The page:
Ben looked around at the debris-strewn landscape and marveled at the distance his son had traveled before he caught up with him. The tornado had left uprooted trees, shingles, damaged siding, and odd remnants of clothing and household goods in its path. Here and there one could see items perfectly intact and unscratched—such were the vagaries of tornadoes—but there wasn’t a building left standing in the small hamlet they had passed through not 24 hours before and no sign of life. Either the inhabitants had fled or were still holed up in their storm cellars, or—
Adam tripped once again and would have gone down hard had his father not grabbed him by the back of his collar.
“Adam!” Ben’s heart quickened. “Are you all right?”
The boy struggled against his father’s grip, but Ben held on. Heedless of the mud, he knelt taking his son’s shoulders in both hands and turned the boy to face him.
“Son, look at me,” he said, but Adam’s eyes remained fixed on the ground. “Enough walking. Let’s go back to the wagon.”
Adam crossed his arms over his chest and shifted his weight to one foot in perfect imitation of his father. “No!” he said emphatically.
“Now just a minute, young man; you will not speak to me in that tone, do you hear?”
“I’m not going back!”
“And just where do you think you are going?”
Adam jerked his chin. “That way.”
Ben looked over his shoulder at the remains of the devastated community. “There’s nothing here, son.”
“Not here. There,” he pointed in the direction of a sign post at the side of the road. Miraculously, the post stood tall and straight pointing east, its letters still readable:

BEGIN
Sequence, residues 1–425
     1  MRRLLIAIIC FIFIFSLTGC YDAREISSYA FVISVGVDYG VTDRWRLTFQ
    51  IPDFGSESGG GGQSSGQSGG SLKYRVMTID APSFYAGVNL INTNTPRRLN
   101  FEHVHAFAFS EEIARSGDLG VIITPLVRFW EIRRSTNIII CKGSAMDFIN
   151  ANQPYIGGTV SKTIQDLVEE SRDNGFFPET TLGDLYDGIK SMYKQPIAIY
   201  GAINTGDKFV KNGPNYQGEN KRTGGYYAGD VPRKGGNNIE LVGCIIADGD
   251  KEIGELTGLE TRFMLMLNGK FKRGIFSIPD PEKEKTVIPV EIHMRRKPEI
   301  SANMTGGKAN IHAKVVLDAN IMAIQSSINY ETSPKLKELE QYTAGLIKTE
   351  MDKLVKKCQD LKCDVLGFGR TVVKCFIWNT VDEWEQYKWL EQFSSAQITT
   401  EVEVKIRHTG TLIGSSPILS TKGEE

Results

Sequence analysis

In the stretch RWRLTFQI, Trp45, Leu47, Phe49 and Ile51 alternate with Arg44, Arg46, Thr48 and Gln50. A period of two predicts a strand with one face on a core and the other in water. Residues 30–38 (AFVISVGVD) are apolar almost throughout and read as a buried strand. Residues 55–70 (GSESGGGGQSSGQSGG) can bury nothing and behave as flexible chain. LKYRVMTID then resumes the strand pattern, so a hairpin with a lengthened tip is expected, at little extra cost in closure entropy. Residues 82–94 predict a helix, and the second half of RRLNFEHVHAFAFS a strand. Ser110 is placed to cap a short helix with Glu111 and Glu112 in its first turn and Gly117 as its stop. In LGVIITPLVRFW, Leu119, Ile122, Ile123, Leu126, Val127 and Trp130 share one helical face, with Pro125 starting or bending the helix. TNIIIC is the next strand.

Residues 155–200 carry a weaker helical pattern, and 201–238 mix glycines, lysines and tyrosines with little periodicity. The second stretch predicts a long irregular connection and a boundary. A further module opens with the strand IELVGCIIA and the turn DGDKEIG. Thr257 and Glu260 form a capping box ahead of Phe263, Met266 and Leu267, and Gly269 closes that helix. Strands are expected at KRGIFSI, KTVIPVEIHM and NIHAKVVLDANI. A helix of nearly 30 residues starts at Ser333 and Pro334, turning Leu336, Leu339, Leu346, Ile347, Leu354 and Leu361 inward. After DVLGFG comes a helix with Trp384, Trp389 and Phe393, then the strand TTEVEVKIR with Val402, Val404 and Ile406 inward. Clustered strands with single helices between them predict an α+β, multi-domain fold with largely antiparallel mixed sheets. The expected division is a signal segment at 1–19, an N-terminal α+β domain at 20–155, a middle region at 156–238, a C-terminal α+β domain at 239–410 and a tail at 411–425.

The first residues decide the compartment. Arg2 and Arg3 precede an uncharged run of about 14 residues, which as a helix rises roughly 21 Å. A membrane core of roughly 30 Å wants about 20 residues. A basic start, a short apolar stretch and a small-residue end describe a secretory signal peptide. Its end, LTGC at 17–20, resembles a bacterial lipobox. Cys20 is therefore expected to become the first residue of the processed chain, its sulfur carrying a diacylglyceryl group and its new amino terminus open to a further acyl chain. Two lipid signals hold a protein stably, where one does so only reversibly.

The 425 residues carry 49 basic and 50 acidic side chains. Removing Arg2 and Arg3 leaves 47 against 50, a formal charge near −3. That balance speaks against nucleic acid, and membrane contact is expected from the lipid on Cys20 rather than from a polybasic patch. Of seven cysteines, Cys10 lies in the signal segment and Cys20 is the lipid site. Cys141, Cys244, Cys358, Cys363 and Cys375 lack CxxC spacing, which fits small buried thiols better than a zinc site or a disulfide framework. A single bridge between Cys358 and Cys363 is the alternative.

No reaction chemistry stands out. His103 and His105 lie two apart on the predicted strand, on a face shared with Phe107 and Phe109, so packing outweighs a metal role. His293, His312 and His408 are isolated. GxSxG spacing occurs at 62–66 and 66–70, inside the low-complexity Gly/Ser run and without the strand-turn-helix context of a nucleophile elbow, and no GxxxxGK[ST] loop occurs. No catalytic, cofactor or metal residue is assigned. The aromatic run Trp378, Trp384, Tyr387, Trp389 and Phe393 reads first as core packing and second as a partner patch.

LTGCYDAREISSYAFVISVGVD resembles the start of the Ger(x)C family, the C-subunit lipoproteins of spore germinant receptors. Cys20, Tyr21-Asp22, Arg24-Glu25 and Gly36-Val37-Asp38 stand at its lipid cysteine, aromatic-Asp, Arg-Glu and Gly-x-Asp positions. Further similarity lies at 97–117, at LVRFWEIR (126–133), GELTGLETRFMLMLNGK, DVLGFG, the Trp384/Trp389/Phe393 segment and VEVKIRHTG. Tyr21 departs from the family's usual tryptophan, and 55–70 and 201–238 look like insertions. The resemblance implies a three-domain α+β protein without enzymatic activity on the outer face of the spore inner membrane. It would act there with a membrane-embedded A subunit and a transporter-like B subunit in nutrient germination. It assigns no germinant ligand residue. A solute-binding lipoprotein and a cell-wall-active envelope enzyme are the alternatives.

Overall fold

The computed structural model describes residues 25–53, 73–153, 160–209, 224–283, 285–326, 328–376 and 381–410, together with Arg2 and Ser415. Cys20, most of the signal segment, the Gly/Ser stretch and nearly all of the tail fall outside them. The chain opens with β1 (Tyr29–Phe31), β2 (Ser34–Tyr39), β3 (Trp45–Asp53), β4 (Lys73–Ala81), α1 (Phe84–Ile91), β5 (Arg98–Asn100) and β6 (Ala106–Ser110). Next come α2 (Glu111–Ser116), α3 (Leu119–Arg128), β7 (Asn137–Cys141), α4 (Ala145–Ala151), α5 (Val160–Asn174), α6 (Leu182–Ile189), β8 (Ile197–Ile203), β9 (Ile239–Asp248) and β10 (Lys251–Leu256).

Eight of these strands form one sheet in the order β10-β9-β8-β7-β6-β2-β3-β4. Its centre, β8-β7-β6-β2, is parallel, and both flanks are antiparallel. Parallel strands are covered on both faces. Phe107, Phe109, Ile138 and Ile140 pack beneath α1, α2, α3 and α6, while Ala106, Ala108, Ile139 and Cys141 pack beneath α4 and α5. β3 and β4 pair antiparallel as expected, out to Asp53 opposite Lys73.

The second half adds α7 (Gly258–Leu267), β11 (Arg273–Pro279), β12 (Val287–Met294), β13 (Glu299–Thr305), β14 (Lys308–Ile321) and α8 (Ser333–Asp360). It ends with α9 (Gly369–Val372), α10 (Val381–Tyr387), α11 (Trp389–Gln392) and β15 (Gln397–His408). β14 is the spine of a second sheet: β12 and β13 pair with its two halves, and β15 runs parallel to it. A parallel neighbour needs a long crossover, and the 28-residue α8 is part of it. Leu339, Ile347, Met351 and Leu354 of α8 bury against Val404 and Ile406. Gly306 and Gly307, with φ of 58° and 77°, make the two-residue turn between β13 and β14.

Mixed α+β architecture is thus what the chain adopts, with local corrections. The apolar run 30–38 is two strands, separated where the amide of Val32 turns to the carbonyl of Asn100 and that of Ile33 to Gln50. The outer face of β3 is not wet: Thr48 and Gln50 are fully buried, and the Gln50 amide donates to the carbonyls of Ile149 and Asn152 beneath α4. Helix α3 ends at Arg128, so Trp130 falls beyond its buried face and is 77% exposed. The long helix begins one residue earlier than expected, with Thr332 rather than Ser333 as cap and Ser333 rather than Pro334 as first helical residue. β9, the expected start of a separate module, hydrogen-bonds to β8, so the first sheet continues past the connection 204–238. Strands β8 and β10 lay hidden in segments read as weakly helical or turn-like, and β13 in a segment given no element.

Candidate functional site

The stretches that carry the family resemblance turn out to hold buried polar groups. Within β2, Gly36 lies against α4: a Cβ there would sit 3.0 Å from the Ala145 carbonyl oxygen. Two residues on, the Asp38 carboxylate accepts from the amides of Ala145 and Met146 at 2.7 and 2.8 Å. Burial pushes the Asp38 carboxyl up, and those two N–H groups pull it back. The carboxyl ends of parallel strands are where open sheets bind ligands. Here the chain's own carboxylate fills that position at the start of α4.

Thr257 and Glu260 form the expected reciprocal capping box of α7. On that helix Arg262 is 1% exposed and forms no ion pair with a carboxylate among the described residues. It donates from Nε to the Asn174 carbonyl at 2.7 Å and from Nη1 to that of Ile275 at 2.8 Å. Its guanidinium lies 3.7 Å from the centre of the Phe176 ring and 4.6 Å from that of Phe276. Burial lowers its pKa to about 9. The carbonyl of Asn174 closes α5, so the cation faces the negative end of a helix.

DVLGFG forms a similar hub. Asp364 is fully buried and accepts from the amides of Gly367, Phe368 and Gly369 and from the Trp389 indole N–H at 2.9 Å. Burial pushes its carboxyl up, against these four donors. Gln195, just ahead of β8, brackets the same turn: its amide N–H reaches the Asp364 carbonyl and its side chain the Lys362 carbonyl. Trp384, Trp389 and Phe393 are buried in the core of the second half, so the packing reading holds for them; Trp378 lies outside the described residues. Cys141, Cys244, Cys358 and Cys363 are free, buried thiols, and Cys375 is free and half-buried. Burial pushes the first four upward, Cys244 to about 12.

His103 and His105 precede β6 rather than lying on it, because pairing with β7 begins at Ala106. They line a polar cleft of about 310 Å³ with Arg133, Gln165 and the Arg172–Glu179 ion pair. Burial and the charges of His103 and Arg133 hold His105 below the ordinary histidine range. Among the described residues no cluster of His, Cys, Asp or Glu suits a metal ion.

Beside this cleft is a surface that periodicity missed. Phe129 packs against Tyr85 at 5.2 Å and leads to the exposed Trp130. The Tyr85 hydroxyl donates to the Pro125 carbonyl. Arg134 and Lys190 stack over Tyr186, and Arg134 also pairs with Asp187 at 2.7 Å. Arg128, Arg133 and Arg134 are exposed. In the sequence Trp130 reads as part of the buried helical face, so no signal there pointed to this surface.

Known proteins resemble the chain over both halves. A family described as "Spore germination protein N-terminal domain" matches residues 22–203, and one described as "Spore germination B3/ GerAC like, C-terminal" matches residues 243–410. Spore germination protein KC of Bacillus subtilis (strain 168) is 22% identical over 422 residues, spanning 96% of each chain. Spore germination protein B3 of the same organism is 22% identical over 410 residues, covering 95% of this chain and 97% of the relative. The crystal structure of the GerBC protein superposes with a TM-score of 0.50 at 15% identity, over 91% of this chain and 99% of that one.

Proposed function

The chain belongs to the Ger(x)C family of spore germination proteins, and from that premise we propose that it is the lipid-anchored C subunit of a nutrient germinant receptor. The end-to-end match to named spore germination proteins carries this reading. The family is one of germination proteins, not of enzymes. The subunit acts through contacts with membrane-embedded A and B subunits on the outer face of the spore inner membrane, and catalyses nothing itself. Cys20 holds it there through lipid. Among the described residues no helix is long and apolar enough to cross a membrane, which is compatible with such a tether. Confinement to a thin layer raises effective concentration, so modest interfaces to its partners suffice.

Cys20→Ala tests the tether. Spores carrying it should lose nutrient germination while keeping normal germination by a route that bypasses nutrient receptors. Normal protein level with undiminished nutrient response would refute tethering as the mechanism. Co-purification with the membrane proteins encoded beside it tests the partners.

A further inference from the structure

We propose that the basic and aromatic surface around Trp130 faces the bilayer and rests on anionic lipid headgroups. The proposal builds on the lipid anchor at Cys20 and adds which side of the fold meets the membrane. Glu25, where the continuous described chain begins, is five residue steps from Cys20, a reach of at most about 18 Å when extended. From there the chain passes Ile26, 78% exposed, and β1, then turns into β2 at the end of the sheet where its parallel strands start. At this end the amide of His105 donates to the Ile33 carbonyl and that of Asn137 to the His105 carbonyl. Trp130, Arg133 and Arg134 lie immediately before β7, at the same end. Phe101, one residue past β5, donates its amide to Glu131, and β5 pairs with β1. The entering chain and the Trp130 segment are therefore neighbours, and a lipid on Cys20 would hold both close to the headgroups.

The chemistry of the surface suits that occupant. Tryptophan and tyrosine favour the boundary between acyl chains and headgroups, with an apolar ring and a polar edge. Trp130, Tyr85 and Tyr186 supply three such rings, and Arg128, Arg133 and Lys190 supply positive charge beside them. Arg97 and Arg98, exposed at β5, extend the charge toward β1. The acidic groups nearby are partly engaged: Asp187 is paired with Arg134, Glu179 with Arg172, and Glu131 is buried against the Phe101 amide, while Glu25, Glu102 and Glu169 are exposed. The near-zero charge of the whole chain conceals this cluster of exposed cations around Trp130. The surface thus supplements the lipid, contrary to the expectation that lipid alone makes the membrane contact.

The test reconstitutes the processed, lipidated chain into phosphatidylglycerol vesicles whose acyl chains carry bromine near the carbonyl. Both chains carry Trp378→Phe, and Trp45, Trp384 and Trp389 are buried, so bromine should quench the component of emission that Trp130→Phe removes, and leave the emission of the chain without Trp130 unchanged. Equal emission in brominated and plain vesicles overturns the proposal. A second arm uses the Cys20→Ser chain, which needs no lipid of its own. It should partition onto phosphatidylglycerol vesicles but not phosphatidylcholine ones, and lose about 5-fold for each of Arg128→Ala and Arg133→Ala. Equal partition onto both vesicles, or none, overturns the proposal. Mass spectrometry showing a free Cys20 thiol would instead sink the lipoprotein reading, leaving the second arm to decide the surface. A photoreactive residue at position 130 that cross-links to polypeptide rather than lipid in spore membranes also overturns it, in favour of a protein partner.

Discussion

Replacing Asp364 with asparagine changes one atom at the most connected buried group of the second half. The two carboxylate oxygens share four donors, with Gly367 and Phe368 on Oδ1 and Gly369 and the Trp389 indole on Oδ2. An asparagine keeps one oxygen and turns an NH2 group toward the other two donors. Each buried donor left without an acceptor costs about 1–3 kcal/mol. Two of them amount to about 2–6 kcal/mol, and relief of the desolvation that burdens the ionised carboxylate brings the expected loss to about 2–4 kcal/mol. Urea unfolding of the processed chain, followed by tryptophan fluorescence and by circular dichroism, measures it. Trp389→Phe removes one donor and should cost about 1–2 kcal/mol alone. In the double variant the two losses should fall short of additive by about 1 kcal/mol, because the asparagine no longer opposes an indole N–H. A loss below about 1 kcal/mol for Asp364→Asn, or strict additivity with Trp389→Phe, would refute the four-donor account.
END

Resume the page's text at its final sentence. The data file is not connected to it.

Galesburg → 10 mi.
“That’s east of here. We’re headed west, remember?”
Adam stared at his father, his dark hazel eyes so nearly the color of gunpowder Ben was taken aback by their intensity.
When there was no response from his son, Ben continued, “There is nothing for us east of here.”
Adam pulled a scrap of paper from his pocket and—unfolding it reverently—handed it to his father. “There is for me,” he said.
Ben was mystified. The page had been carefully torn from a newspaper and contained advertisements and bits of news and announcements. He turned it over; the back was no different.
“I don’t understand son. What does this have to do with anything?”
Sighing as one might when dealing with an infant, Adam pointed at the paper. When there was still no recognition on his father’s face, Adam pointed again, this time tapping the specific spot.
Classes will resume following Easter recess.
Ben closed his eyes. Adam wanted to go to school and was willing to do anything to get there; willing to walk miles over treacherous terrain; willing to disobey his father; willing to put himself in harm’s way . . . all for the love of learning.
“You promised, Pa. You said I could go to school when I turned six. I’m almost six. I want to go to school.”
“Adam, when we get to California, then you can go to school.”
“No!” And he turned and resumed his course towards Galesburg as fast as his legs would carry him over the rutted road. Once more he fell into the mud, but this time he did not get up.